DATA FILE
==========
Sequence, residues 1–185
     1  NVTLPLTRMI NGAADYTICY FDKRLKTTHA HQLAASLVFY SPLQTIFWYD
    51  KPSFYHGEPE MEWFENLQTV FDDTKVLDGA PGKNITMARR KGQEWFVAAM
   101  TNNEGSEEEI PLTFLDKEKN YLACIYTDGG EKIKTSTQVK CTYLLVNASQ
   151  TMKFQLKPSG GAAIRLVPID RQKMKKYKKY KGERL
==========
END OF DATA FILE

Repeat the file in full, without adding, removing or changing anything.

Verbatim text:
Sequence, residues 1–185
     1  NVTLPLTRMI NGAADYTICY FDKRLKTTHA HQLAASLVFY SPLQTIFWYD
    51  KPSFYHGEPE MEWFENLQTV FDDTKVLDGA PGKNITMARR KGQEWFVAAM
   101  TNNEGSEEEI PLTFLDKEKN YLACIYTDGG EKIKTSTQVK CTYLLVNASQ
   151  TMKFQLKPSG GAAIRLVPID RQKMKKYKKY KGERL